Acids, Primers, and pH


Both "acid" (MAA/MAP) and "non-acid" primers are "acidic" (a pH lower than 7). Some are just more acidic than others. The term "non-acid" is a standard misnomer used to identify those primers that are less acidic and/or do not use methacrylic acid (MAA/MAP) as their main ingredient. (Remember, this is relative since we as human beings are acidic! So, "acid" is NOT bad.)

Being acidic is not BAD. Being either side of a pH of 7 (neutral, which is water) is equally "different". Being "different" than water one-way or the other is not BAD, it's just DIFFERENT--- and for a reason and for a purpose. Something with a pH of 10, say acetone for instance (so 3 more than 7) is the "same" as far as that pH factor goes as something with a pH of 4 (so 3 less than 7) in comparison to water.

What is pH?

pH is the Unit of Measure used to express the degree of acidity of a substance. The centimeter is a unit measure of length. The gram is a unit measure of weight. Therefore, pH is the unit measure we use to say how much acid is in a substance. The pH scale goes from 0 to 14. A pH of zero means a very high acid activity. Substances such as lemon juice and vinegar are acidic with pH values of 2 to 3. Nitric acid and hydrochloric acid are very strong with pH values of 0, while stomach acid has a pH of 1. Addition of a strong acid, such as sulfuric acid (H2SO4) to water makes the resulting solution very high in active acid concentration. This is called an acidic solution.

On the other end of the scale are the alkaline substances, which range from 8 to 14. Common alkalis are seawater (pH 8), household ammonia (pH 11), oven cleaners (pH 13), and the very strong alkali, sodium hydroxide (pH 14). The addition of a strong base or alkali material, such as sodium hydroxide ( NaOH), to water makes the resulting solution very low in active acid concentration. This is called a very basic or alkali solution.

In between these two extremes is a pH of 7. This is the pH of pure water. Water, which is neither very acidic nor very alkali, is said to be neutral. pH stands for (in our simplified technical purposes) HYDROGEN! As in HOW much hydrogen in the chemical in question as in relation to the amount of hydrogen in WATER (good old H2O as in 2 parts hydrogen to one part oxygen.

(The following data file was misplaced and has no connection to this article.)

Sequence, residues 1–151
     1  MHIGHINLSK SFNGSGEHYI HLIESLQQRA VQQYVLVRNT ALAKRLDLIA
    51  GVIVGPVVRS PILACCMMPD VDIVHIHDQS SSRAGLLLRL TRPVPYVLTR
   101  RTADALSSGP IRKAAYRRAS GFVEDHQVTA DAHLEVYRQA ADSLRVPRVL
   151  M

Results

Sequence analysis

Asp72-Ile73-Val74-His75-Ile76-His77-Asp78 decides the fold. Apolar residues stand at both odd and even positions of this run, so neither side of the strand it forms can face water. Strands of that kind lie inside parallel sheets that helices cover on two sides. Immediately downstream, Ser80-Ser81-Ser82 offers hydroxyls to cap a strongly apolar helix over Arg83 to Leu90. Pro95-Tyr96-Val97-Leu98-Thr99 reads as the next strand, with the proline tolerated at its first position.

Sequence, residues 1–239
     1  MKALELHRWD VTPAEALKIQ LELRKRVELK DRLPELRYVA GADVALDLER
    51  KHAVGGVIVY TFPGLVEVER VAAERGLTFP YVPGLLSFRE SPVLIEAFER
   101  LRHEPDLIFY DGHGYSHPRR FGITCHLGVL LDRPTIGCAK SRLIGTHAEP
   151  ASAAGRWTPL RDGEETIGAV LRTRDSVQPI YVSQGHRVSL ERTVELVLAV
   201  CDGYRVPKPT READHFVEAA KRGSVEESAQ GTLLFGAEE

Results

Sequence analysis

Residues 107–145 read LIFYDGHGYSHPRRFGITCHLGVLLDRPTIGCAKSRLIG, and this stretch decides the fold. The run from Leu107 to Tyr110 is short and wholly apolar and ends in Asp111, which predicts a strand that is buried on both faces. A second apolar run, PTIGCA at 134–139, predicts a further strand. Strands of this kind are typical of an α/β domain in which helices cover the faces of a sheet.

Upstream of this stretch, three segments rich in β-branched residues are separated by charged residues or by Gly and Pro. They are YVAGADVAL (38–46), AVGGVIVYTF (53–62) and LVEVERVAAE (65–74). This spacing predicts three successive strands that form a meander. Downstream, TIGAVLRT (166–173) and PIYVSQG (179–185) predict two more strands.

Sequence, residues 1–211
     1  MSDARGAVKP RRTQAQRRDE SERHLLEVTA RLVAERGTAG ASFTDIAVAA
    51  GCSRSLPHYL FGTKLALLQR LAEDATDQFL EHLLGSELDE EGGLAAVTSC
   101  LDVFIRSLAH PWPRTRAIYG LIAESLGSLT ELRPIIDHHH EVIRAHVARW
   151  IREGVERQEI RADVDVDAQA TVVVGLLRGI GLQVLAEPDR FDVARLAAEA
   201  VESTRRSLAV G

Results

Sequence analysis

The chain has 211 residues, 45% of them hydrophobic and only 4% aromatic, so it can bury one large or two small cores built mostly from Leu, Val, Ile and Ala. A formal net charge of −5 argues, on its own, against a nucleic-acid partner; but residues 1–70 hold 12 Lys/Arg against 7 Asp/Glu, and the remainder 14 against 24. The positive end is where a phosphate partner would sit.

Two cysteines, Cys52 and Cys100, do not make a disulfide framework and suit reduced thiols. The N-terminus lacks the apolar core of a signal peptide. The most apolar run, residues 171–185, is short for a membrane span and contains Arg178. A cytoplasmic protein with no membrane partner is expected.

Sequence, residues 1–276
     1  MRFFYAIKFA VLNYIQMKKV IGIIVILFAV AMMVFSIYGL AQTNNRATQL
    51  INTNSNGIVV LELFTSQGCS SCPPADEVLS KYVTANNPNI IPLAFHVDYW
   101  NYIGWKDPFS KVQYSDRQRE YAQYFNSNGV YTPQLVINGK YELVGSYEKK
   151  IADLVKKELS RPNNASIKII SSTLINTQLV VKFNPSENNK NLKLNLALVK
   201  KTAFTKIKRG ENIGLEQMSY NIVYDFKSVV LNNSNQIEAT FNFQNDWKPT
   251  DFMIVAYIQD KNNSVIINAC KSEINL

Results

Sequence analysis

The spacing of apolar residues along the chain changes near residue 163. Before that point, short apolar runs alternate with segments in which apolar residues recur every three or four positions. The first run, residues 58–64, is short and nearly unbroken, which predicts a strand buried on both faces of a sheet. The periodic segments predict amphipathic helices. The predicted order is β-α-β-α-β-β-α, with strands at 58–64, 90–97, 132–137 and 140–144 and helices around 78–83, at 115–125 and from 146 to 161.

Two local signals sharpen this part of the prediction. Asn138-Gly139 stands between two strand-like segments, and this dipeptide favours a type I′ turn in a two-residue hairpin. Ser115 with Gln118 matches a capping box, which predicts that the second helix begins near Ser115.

Technically, the scale actually refers to the concentration of positively-charged hydrogen (H+) ions and negatively-charged hydroxyl (OH-) ions in solution. More hydrogen ions than hydroxyl ions make an acidic solution, while an alkaline solution contains more hydroxyl ions than hydrogen ions. The pH scale is a logarithmic one, meaning that each pH unit has 10 times as many hydrogen ions as the unit above it. Therefore, at pH 4, there are 10 times more hydrogen ions than at pH 5 and 100 times more hydrogen ions than at pH 6.

pH, range of numbers expressing the relative acidity or alkalinity of a solution. In general, pH values range from 0 to 14. The pH of a neutral solution, i.e., one that is neither acidic nor alkaline, is 7. Acidic solutions have pH values below 7; alkaline, or basic, solutions have pH values above 7. A pH value provides a measure of the hydrogen ion concentration of a solution. In pure water, the concentration of hydrogen ions is equal to 0.0000001, or 10-7, moles per liter. (A mole is the amount of a substance, expressed in grams, that is equal to the molecular weight, or formula weight, of the substance.) When an acid is added to pure water, the hydrogen ion concentration increases above this level. When an alkaline substance, or base, is added to pure water, the hydrogen ion concentration decreases below this level. Once the concentration is determined, the pH value is found by taking the exponent used in expressing this concentration and reversing its sign. This is expressed as pH=-log10 [H+]. For example, if the hydrogen ion concentration of a solution is 10-4, or 0.0001, moles per liter, the pH is 4.

"Hydrogen ions determine pH. The quantity of hydrogen ions at or near a sensor surface cause an electrical effect that can be detected and measured by the appropriate instrumentation, thus pH is then derived.” Higher pH levels are called BASE substances (over 7); lower pH levels are called ACID substances (under 7).

Sample pH Measures

The pH of our nails is appox 5.5. This is a conglomeration of the pH of other things going on in our bodies, a huge component of which of course is WATER. Which while is normally construed to be 7.0, can actually be found to be "normal" at anywhere from 5.5 to 8.0 (and more or less). Our blood has a neutral pH of 7.2.

Other common pH's: Stomach acid 1.0, Lemon Juice 2.4, Common House-Hold Vinegar 2.4 to 2.8 (for concentrations of 6% to 3% accordingly), Orange Juice 3.0, Tomato Juice 4.0, Black Coffee 5.0, Clothes Detergent 6.5,Milk 6.8, Blood 7.2, Seawater 8.0 (notice how addition of salt reduces the acidity and raises alkalinity), Baking soda 9.0, Bath Soap 9.5, Acetone and/or Isopropyl Alcohol appox/estimated at 10.0 (depends on concentration of water added, which varies), Milk of Magnesia 10.7 (designed to reduce stomach acids :), Laundry Bleach 11.0, Caustic Soda 14.0

Methacrylic acid primer pH varies widely based on the content of MAA and other solvents (and given that pH is a logarithmic calculation we can see how 1/10 a point here or there is a huge difference), but generally would fall somewhere between that of stomach acid (ph 1.0) and vinegar (AKA acetic acid @ 3% for a pH 2.8), around 2.0 as an average pH for acid primers.